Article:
August 30, 2011.
An American Academy of
Pediatrics (AAP) Clinical Practice Guideline and technical report published
online August 29 and will appear in the September issue of Pediatrics
address diagnosis and management of an initial urinary tract infection (UTI)
in febrile infants and young children.
"The diagnosis and management
of ...UTIs in young children are clinically challenging," write S. Maria E.
Finnell, MD, MS, and colleagues from the AAP Subcommittee on Urinary Tract
Infection who coauthored the Technical Report. "This report was developed to
inform the revised, evidence-based, clinical guideline regarding the
diagnosis and management of initial UTIs in febrile infants and young
children, 2 to 24 months of age.... The conceptual model presented in the
1999 technical report was updated after a comprehensive review of published
Clinical Characteristics, New Urinalysis Methods
On the basis of a review of recent literature and meta-analyses on the
effectiveness of antimicrobial prophylaxis to prevent recurrent UTI, the
report authors concluded that specific clinical characteristics and new
methods of urinalysis may help clinicians determine which febrile children
are at very low risk for UTI. Their findings include the following:
Compared with parenteral therapy, oral antimicrobial therapy is as effective
in treating UTI.
Evidence from published, randomized controlled trials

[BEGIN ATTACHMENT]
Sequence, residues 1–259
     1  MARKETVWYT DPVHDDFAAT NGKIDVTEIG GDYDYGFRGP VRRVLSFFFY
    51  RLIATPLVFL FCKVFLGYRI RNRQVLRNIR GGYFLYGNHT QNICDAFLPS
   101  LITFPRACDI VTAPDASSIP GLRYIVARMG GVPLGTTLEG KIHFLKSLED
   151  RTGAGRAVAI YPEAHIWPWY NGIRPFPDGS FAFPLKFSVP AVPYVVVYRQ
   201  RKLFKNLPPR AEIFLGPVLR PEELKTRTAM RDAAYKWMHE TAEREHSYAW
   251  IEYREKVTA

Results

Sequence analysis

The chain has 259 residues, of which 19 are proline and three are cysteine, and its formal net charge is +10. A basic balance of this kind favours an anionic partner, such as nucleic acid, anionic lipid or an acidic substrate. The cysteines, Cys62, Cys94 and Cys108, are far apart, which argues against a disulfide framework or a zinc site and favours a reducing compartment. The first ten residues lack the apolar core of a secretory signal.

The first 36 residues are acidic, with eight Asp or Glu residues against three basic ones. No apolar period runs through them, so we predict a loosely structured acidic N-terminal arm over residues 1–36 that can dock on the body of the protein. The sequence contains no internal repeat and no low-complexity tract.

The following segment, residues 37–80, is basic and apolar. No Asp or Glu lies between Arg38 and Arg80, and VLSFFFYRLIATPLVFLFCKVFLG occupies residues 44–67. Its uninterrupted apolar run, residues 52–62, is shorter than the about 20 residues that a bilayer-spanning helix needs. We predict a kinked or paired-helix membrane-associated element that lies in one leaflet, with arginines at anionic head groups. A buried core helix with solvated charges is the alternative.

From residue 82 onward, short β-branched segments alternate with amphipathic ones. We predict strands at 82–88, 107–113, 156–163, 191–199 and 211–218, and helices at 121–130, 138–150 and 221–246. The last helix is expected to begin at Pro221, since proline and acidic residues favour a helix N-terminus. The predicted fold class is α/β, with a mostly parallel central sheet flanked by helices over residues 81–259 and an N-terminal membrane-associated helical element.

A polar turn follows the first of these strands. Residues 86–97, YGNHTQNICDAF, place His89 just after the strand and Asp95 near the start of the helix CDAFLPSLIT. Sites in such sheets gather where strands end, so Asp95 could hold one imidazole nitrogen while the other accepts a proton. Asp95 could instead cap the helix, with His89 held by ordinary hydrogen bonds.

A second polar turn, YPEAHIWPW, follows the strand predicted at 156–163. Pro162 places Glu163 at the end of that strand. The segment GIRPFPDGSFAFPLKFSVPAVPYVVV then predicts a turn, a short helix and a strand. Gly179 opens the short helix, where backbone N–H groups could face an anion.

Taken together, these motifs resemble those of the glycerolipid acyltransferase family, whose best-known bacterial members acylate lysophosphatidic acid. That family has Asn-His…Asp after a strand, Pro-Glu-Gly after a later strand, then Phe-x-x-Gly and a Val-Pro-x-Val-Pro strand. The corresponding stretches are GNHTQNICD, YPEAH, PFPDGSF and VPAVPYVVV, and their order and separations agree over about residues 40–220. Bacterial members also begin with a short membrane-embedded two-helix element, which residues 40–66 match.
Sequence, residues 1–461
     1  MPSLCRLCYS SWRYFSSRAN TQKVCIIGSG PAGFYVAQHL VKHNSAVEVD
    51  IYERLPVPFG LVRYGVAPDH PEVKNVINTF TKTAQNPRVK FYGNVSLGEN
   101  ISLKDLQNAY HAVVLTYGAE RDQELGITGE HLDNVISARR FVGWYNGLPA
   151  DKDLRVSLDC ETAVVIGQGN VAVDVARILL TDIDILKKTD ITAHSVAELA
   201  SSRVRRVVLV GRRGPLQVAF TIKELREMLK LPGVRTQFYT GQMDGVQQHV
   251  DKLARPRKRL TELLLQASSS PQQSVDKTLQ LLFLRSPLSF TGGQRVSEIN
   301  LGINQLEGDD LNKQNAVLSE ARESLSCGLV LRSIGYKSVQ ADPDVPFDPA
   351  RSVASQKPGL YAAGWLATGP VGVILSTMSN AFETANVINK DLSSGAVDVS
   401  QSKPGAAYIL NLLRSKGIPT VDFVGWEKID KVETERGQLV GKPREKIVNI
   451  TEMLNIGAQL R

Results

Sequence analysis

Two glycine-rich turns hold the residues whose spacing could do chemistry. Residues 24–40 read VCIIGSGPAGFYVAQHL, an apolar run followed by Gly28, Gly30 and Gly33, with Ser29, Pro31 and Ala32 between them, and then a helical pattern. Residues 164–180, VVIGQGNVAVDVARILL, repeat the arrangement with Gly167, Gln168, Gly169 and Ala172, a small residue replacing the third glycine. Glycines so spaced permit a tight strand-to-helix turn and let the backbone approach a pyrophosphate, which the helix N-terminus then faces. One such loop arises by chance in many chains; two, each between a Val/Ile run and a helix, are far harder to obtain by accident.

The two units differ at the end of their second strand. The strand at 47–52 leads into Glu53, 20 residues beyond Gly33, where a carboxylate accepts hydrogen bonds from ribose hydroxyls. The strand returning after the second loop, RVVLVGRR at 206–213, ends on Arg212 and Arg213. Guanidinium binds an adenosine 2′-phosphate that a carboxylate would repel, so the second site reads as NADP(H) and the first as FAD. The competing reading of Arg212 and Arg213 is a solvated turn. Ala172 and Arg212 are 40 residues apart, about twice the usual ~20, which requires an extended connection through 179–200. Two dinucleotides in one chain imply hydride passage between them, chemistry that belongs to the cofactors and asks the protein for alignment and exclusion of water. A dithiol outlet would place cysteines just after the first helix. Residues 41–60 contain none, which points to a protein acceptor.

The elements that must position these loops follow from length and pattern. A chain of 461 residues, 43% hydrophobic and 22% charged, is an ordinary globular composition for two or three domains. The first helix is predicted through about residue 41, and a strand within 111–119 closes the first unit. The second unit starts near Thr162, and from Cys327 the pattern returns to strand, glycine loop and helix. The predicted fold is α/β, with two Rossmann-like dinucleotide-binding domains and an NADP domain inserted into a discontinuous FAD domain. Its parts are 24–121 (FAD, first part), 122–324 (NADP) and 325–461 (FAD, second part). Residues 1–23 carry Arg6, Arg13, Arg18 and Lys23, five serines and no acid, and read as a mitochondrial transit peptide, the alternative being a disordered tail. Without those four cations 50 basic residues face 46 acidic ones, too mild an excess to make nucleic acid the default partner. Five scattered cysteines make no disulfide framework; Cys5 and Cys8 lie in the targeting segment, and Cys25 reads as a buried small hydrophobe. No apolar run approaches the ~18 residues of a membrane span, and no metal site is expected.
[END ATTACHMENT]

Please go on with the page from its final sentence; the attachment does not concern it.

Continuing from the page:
suggests that when voiding cystourethrography (VCUG) shows vesicoureteral
reflux (VUR), antimicrobial prophylaxis is not recommended to prevent
The sensitivity of urinary tract ultrasonography after the
first UTI is poor.
The risk for renal damage from UTI may be reduced by
early antimicrobial therapy.
"Recent literature agrees with most of
the evidence presented in the 1999 technical report, but meta-analyses of
data from recent, randomized controlled trials do not support antimicrobial
prophylaxis to prevent febrile UTI," the report authors write. "This finding
argues against ...VCUG after the first UTI."
On the basis of this technical report and its underlying evidence,
Kenneth B. Roberts, MD, and colleagues from the AAP Subcommittee on Urinary
Tract Infection who coauthored the new Clinical Practice Guideline, issued
recommendations for the diagnosis and management of the first UTI in febrile
infants and children 2 to 24 months old. Changes from the previous AAP
guidelines include criteria for the diagnosis of UTI and recommendations for
Specific recommendations in the new Clinical Practice
Guideline include the following:
Diagnosis of UTI is made from an
appropriately collected urine specimen based on the presence of pyuria as
well as 50,000 colonies per mL or more of a single uropathogenic organism.
To facilitate prompt diagnosis and treatment of recurrent UTIs, close
clinical follow-up monitoring should be maintained after 7 to 14 days of
To diagnose anatomic abnormalities,
ultrasonography of the kidneys and bladder should be performed.
evidence from the most recent 6 studies does not support the use of
antimicrobial prophylaxis to prevent febrile recurrent UTI in infants